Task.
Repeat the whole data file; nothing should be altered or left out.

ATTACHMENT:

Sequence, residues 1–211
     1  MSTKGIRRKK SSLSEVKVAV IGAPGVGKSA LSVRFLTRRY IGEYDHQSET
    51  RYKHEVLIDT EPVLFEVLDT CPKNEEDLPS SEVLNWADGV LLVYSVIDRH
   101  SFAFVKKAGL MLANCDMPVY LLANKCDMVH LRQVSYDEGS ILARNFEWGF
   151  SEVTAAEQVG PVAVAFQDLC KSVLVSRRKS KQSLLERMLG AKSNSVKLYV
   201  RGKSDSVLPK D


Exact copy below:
Sequence, residues 1–211
     1  MSTKGIRRKK SSLSEVKVAV IGAPGVGKSA LSVRFLTRRY IGEYDHQSET
    51  RYKHEVLIDT EPVLFEVLDT CPKNEEDLPS SEVLNWADGV LLVYSVIDRH
   101  SFAFVKKAGL MLANCDMPVY LLANKCDMVH LRQVSYDEGS ILARNFEWGF
   151  SEVTAAEQVG PVAVAFQDLC KSVLVSRRKS KQSLLERMLG AKSNSVKLYV
   201  RGKSDSVLPK D